Housing: Priced-out homebuyers now face sky-high rentsJuly 1, 2022
Price-strapped homebuyers sidelined by bidding wars, surging mortgage rates, and mounting inflation are facing yet another housing hurdle: sky-high rent.
According to real estate brokerage Redfin, the median monthly rent in the U.S. surpassed $2,000 for the first time in May, rising 15.2% from a year earlier to a record high of $2,002.
Although renting has become more expensive, for many it’s the only option as rising mortgage rates have reduced the buying power of entry-home shoppers and slashed confidence levels.
“A lot of the people that are not able to purchase have now found themselves bidding for rental homes,” Peter Beckford, a premier realtor for RE/MAX based in Atlanta, told Yahoo Live (video above). “We’ve gotten quite an influx of applicants and it’s getting pretty hectic.”
It’s not surprising that some homebuyers have decided to put off their plans for purchase and turn to renting. As home prices register double-digit growth, rising rates have pushed the monthly mortgage payment up 64% more than last year, according to Realtor.com. That alone has added over $800 to the cost of financing a home.
Those most affected by the surge in rates and costs of living are young adults, who comprise the majority of the first-time homebuyer pool. Working class Americans also face significant hurdles, according to Beckford.
“The average blue-collar everyday worker is the one who is experiencing this situation the toughest,” he said. “As they are being priced out of the purchase market, they have a need for housing — good housing — whether it be closer to schools or job transfers.”
Tenants face stiff competition
Potential renters are no longer facing plunging rental prices that became more normal during the pandemic, particularly in real estate hot spots like New York.
With affordable properties in short supply, the influx of applicants has caused landlords to raise their prices.
“I’ve had rentals myself up to $3,500 per month that have seen 50 to 75 applicants within the first 12 hours,” said Beckford.
The sheer number of applicants has not only driven prices up, it’s also raised the standard for tenants hoping to get their foot in the door.
“The large applicant pool and the overqualification of that pool has led owners and landlords to be a lot more selective,” Beckford said. “Those who may be marginally qualified for a certain rental at a certain price point or area may be pushed out in favor of someone more qualified than them.”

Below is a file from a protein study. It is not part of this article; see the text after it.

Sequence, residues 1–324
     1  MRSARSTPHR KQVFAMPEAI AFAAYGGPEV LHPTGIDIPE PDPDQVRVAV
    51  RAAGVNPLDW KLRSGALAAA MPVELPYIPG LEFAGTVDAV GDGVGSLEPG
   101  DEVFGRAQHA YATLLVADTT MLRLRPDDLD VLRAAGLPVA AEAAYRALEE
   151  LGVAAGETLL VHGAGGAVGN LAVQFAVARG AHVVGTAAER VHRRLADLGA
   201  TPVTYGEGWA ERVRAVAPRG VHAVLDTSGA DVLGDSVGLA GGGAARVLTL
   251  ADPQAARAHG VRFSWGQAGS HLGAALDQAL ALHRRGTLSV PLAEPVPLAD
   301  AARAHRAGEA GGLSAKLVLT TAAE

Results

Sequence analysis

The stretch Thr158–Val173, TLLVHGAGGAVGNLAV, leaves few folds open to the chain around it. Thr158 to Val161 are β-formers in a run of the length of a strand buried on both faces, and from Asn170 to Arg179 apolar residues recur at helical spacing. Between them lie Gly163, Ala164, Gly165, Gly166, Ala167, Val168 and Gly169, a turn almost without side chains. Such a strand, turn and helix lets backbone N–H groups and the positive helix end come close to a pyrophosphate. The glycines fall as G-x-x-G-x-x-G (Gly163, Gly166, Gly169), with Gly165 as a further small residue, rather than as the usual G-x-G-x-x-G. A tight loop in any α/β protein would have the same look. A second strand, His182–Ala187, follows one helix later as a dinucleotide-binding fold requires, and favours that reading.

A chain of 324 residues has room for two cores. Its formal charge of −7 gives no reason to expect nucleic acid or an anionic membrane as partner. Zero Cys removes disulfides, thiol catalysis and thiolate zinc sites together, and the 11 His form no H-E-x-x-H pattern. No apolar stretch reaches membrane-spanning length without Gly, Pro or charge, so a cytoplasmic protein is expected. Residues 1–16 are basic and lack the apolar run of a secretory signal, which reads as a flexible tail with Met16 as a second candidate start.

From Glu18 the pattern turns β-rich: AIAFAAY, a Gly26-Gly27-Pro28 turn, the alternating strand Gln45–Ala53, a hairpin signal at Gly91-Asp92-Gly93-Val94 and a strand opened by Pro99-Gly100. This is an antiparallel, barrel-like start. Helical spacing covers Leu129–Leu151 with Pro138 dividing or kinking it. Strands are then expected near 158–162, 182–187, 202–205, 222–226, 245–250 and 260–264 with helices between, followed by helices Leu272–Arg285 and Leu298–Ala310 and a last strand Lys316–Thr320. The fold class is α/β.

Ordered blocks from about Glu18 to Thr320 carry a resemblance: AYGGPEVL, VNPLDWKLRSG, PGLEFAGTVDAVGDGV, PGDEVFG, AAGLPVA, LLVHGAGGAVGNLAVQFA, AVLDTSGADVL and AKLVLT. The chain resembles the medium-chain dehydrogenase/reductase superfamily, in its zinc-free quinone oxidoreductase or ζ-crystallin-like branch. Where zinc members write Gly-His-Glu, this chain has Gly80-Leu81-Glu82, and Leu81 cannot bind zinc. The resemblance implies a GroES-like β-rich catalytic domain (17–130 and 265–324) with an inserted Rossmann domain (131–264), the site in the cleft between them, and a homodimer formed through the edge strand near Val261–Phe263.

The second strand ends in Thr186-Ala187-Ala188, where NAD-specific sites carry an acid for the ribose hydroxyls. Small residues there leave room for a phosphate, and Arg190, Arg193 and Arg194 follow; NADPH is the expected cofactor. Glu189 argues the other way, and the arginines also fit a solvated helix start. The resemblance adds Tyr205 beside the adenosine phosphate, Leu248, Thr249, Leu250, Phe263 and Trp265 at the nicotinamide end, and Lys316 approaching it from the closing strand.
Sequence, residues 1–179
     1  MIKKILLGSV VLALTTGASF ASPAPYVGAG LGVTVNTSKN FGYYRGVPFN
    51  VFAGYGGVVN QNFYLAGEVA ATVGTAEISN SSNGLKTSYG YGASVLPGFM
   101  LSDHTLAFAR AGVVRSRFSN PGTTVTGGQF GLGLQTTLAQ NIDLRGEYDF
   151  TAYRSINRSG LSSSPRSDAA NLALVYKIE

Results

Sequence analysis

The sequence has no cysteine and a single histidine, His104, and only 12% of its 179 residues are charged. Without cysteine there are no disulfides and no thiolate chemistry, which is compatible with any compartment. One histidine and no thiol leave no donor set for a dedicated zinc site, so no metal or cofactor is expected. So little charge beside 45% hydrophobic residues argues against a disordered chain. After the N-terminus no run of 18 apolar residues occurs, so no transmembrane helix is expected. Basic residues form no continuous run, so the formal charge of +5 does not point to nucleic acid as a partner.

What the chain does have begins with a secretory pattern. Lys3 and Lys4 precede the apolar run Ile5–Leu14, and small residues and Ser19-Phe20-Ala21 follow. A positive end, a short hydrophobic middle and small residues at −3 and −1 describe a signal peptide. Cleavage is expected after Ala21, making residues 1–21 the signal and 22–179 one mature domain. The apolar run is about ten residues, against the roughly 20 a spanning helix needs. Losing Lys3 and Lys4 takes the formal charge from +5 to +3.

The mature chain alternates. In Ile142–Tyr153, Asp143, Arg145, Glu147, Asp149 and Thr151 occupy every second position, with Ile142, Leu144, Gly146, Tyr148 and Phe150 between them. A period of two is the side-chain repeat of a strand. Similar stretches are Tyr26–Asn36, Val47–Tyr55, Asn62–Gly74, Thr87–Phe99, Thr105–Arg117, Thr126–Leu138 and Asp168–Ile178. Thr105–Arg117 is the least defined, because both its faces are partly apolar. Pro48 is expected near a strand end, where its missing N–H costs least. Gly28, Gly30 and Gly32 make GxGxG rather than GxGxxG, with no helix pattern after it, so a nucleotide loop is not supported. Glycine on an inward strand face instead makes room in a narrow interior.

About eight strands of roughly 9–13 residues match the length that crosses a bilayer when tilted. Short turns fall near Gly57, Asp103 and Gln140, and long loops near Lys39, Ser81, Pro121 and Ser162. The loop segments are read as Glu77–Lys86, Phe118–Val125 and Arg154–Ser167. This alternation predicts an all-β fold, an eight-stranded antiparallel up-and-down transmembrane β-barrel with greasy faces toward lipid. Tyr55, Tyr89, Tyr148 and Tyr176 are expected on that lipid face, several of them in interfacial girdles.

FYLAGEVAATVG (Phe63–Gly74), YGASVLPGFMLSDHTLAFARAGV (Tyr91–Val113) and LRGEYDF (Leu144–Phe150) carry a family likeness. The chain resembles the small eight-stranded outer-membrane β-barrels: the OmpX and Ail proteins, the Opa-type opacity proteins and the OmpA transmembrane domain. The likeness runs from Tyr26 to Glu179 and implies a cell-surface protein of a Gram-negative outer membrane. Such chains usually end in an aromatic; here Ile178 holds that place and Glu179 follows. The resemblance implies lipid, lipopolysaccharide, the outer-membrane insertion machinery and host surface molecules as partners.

As a result of the highly competitive environment, some hopeful renters in major metro areas like Atlanta, where the median asking rent price has increased 18.3% year-over-year to $2,143, have had no other choice than to check in to extended-stay hotels.
The bidding wars over affordable rental units is also being exacerbated by out-of-state applicants as remote workers swap big coastal cities for the popular sunshine states.
According to TransUnion, out-of-state applications for rental properties across the U.S. increased 42% from 2020 to 2021. During that period, Texas welcomed more than 310,000 new residents — registering one of the largest population increases for a state.
An increase in Texas rental prices soon followed. Redfin data showed the median asking rent in Austin, Texas, in May surged by 48% year over year, the largest increase on record since the brokerage began tracking rental data in 2019.
Homebuyer confidence falters
Competition in the rental market will likely remain high for the foreseeable future as the sharp increase in borrowing costs weighs on homebuyer sentiment.
According to Fannie Mae’s Home Purchase Sentiment Index, consumer confidence remained low for the month of May, drawing closer to its 10-year and pandemic low of 63 points from April 2020.
And approximately 79% of respondents said in May that it’s a bad time to buy a home, up from 76% the month prior. Another 70% of those surveyed expected mortgage rates to continue to increase over the next year, further chipping away at affordability levels.
However, there is a silver lining. As rates have surged in the housing market, some homeowners have reduced their listing prices to attract price-sensitive buyers, according to Beckford. In the short term, that could lead to less competition among renters.
“As the market continues to hopefully balance, folks are making decisions between whether or not they want to continue their pursuits of purchasing versus tapping out of that market and going into the rental market,” Beckford said.
Still, renting is a feat easier said than done.
“Instead of having to bid against 20+ people, they may be bidding against five or less folks now,” Beckford said. “I do see some softening of the [rental] market. It brings some level of optimism for those who are in the market.”
Gabriella is a personal finance reporter at Yahoo Money. Follow her on Twitter @__gabriellacruz.
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